Terri Schiavo Judge Won’t Issue Ruling Immediately on Lawsuit

Bioethics   |   Steven Ertelt   |   Mar 21, 2005   |   9:00AM   |   WASHINGTON, DC

Terri Schiavo Judge Won’t Issue Ruling Immediately on Lawsuit

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by Steven Ertelt
LifeNews.com Editor
March 21, 2005

Washington, DC (LifeNews.com) — A federal judge indicated he will not immediately issue a ruling in the lawsuit filed seeking to prevent, making her parents wait longer to find out whether or not Terri Schiavo will starve to death. The judge also indicated he may rule against Bob and Mary Schindler.

U.S. District Judge James Whittemore held a two hour hearing Monday afternoon on the lawsuit. Whittemore, a Clinton appointee, gave no indication as to when he will decide on either the merits of the case or a request for an injunction preventing Terri’s starvation and allowing the feeding tube to be reinserted.

"I will not tell you when, how or how long it will take,” Whittemore said.

The Schindlers’ lawsuit states that Florida courts abrogated Terri’s 1st Amendment religious liberties by failing to consider that, as a Catholic, Terri likely would oppose her estranged husband’s bid to euthanize her.

Terri’s parents also contend that Terri’s due process rights were violated because she has never had her own attorney during the eight-year long battle.

Judge Whittemore told David Gibbs, the Schindlers’ attorney, that he didn’t agree with those arguments.

"I think you’d be hardpressed to convince me that you have a substantial likelihood" of winning the case, Whittemore said, according to an Associated Press report.

During the hearing, David Gibbs, the Schindlers’ attorney, said forcing Terri to die from starvation and dehydration "a mortal sin" because of her Catholic faith.

"It is a complete violation to her rights and to her religious liberty, to force her in a position of refusing nutrition," Gibbs told Whittemore, AP reported.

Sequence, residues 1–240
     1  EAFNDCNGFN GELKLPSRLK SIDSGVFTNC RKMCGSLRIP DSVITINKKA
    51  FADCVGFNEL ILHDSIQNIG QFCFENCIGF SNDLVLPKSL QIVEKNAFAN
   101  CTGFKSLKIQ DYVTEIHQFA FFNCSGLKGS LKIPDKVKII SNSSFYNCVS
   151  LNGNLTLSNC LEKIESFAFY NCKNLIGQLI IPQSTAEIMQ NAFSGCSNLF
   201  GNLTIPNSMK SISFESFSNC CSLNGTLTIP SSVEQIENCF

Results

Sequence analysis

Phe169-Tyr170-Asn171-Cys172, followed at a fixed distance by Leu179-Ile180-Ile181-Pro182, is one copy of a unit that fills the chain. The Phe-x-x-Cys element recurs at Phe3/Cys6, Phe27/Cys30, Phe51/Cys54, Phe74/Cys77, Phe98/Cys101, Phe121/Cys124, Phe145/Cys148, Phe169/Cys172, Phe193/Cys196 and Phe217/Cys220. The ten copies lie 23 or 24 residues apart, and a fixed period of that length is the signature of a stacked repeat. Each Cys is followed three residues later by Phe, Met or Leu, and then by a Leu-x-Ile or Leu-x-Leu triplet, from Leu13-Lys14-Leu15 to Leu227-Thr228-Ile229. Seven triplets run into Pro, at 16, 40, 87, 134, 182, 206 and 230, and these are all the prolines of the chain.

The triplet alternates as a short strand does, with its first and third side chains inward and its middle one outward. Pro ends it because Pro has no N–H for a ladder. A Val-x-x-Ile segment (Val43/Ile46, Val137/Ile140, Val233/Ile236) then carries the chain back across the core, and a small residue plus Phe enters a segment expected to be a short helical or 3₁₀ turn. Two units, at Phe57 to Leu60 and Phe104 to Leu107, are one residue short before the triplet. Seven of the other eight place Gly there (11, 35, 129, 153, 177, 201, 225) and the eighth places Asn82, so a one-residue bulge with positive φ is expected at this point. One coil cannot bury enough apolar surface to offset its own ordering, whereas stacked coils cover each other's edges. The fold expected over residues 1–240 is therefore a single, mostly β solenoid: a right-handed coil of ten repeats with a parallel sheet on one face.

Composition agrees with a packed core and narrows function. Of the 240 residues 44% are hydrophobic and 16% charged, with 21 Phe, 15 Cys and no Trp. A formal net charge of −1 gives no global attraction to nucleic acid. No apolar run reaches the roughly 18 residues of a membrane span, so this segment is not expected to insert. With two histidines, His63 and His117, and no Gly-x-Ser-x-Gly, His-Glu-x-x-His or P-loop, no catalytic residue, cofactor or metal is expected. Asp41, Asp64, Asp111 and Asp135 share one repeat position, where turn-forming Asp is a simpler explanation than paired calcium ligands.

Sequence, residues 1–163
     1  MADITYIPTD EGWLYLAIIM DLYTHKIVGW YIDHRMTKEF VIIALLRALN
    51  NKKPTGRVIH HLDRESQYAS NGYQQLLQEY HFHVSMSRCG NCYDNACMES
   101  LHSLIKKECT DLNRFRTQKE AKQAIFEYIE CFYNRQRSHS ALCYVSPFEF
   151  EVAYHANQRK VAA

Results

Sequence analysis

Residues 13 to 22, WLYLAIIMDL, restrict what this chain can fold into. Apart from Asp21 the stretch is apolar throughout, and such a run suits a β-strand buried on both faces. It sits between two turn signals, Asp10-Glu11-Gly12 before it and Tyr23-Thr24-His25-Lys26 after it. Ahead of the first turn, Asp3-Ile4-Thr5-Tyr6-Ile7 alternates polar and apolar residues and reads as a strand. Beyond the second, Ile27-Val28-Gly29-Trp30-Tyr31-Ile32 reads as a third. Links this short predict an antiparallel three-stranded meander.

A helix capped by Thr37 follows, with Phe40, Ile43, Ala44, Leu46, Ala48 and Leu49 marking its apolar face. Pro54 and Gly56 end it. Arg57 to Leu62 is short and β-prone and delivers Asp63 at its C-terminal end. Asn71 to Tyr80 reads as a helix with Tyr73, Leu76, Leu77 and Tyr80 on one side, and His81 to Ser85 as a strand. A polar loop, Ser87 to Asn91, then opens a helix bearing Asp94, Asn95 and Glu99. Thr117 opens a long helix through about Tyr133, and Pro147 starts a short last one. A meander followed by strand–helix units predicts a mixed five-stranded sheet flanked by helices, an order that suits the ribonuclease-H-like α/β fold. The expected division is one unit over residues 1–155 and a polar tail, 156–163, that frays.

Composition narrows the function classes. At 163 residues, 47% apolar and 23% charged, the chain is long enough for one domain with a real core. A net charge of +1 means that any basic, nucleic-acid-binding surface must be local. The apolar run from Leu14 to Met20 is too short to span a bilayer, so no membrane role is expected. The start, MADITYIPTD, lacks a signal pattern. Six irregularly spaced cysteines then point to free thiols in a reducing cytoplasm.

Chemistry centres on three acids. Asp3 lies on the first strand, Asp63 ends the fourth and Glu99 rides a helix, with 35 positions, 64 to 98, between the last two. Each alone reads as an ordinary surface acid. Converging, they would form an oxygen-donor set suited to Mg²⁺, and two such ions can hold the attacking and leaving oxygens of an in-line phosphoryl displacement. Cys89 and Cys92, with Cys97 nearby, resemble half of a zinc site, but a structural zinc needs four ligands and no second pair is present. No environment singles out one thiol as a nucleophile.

George Felos, the euthanasia advocate who is Michael’s lead attorney, told the judge that the case has been thoroughly litigated and that the Schindlers are bringing up arguments that have been overturned in Florida courts.

"Every possible issue has been raised and re-raised, litigated and re-litigated," Felos said. "It’s the elongation of these proceedings that have violated Mrs. Schiavo’s due process rights."

However, Gibbs said the new law passed by Congress allows a ”from the beginning review" of the court decisions leading up to removing the feeding tube Friday afternoon.

Meanwhile, the Bush administration submitted a legal paper siding with the Schindlers.

"By supporting Mrs. Schiavo’s parents’ motion for a temporary restraining order, the United States is working to ensure that Mrs. Schiavo’s parents’ opportunity to be heard on behalf of their daughter is not lost irrevocably," a Justice Department spokesman said.

Suzanne Vitadamo, Terri Schiavo’s sister, told Reuters that her family is cautiously optimistic.

"We are very hopeful that the federal courts will follow the will of Congress and save my sister’s life," Vitadmo said.

If Judge Whittemore grants the injunction, an ambulance is waiting at Woodside Hospice, where Terri lives, to take her to a local hospital to reinsert the feeding tube.

Whittemore is a judge with the U.S. District Court for the Middle District of Florida based in Tampa, Florida.

Should he decide against taking the case or rule against the Schindlers, they would move next to the 11th Circuit Court of Appeals based in Atlanta.

Related web sites:
Terri Schiavo’s parents – https://www.terrisfight.org